This gothic band has quite a lot going for them. The major surprise in listening to the first half of this DVD is in the melodic presentation. I was immediately hooked. Artists of Europe's gothic metal genre are known for their growling vocals amid usually extraordinary mastery of instruments. Opeth delivers a bigger, fuller plate than many of the gothic metal bands I've heard. And these guys look quite happy to be doing their stuff. This band was recommended to me by MusicTAP’s John Dunphy. And since I trust these Dunphy boys, I dug in. With melodic guitars and a great rhythm section, Opeth performs a show that definitely deserves to be on DVD. This disc was recorded from their Shepherd's Bush Empire show in 2003. It provides a connoisseur's choice of audio options, including Dolby Digital 2.0 stereo and 5.1 surround, as well as DTS 5.1 surround. There's a bonus documentary and 14 songs, half soft and half heavy. If you like this genre, Opeth is the stuff.

Slade: Slade in Flame Slade: Slade in Flame

The 1970s produced quite a range of exciting bands, with a lot of those bands coming from Britain. Slade was one of them. They enjoyed a ton of success with many Top 10 hits, five of which entered at Number One. Although much of their success was pared back in the more finicky (and less explorative) US of A, they still managed to capture the ear of fans, yours truly included. At the height of their fame in 1975, they released a film highlighting the shark infested waters of the music industry. This semi-fictional ride is an interesting look at both the times and the band. Can they act? Nah... but they sure can play. And it doesn't hurt this film any. Slade in Flames is more for fans than for complete absorption by the audience at large, but I'll tell you this: Slade helped to propagate many of the musical styles you hear today. Crazee? Maybe.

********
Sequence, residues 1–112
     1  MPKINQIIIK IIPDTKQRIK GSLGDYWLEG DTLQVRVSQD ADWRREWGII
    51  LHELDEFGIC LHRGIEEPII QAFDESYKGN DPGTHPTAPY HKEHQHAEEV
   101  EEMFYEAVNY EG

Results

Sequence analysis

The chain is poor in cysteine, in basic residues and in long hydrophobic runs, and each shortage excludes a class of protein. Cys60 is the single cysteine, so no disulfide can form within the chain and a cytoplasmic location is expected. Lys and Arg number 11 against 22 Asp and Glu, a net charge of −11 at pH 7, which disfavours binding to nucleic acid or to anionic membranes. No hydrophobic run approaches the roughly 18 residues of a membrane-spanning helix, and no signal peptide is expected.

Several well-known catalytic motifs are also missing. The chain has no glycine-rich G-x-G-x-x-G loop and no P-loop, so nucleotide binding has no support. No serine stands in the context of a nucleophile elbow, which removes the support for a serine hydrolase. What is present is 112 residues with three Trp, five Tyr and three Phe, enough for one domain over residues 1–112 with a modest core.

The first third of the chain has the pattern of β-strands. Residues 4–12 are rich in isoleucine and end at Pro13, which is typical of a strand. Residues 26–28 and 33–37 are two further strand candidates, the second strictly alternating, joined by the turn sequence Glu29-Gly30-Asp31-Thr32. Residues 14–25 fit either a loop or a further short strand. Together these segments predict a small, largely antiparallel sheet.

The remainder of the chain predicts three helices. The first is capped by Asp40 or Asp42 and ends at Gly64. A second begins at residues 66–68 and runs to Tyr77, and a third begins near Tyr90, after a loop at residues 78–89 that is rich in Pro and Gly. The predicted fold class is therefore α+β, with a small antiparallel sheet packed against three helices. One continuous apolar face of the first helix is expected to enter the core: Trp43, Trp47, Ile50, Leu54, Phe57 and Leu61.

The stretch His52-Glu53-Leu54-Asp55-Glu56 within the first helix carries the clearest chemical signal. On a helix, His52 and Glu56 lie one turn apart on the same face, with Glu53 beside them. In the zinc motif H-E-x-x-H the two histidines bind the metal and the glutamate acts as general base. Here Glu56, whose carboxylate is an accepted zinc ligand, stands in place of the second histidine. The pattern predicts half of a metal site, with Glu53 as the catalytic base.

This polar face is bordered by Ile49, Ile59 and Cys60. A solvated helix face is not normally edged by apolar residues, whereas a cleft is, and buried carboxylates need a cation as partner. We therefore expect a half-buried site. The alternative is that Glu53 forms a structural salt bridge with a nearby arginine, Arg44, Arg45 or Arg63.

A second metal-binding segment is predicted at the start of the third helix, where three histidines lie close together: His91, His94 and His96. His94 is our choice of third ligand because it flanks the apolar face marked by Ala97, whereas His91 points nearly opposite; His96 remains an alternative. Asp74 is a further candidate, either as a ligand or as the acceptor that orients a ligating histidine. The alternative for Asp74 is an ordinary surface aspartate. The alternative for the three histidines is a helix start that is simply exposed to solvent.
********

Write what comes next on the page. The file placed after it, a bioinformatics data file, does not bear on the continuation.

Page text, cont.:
Okie Noodling
Okie Noodling

Okay... here's a weird one for you. Okie Noodling is a strange and interesting documentary look at the art of catfish fishing, with no hooks and no poles. So how do you catch ‘em? And what does that have to do with Rock n' Roll? Hang with me. The film is a look at Oklahoma fishermen who dive into creeks, rivers and lakes in the hopes of snagging a 60-pounder with... their hands. Yep. The film watches folks as they risk their lives by swimming down to the bottom dwellers and hoping for a "bite" by the whiskered fish, so they can “gill” these creatures and bring them to the surface. It's a culture of sorts and it features a colorful bunch of people at that. So where's the Rock and Roll? Well... there are 3 Flaming Lips contributions that can be experienced in a “listen to the soundtrack” mode, as well as interspersed throughout the documentary. Don't look for stunning Flaming Lips tracks here - this is rough music, but then so is the pastime. Funny stuff.

So that's it for my first edition of TAPNotes. I'll be back again very soon with more quick reviews of interesting and diverse music DVD titles. I won't ignore the bigger stuff either. I just want you to be aware of ALL the choices that can be found at your favorite video haunt.

Matt Rowe